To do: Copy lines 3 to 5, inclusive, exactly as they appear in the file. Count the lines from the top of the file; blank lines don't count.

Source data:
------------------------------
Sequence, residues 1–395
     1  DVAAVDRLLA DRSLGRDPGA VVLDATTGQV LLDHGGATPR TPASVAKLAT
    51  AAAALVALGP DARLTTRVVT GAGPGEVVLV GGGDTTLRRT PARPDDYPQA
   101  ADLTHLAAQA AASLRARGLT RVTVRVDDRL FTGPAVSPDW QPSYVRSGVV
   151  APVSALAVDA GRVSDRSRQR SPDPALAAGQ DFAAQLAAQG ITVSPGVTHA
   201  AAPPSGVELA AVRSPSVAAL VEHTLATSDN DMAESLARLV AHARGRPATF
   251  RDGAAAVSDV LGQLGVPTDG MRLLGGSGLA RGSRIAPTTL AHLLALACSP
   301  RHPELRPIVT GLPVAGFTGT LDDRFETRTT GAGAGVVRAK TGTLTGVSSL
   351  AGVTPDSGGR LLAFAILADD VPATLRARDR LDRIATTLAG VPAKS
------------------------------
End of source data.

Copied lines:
    51  AAAALVALGP DARLTTRVVT GAGPGEVVLV GGGDTTLRRT PARPDDYPQA
   101  ADLTHLAAQA AASLRARGLT RVTVRVDDRL FTGPAVSPDW QPSYVRSGVV
   151  APVSALAVDA GRVSDRSRQR SPDPALAAGQ DFAAQLAAQG ITVSPGVTHA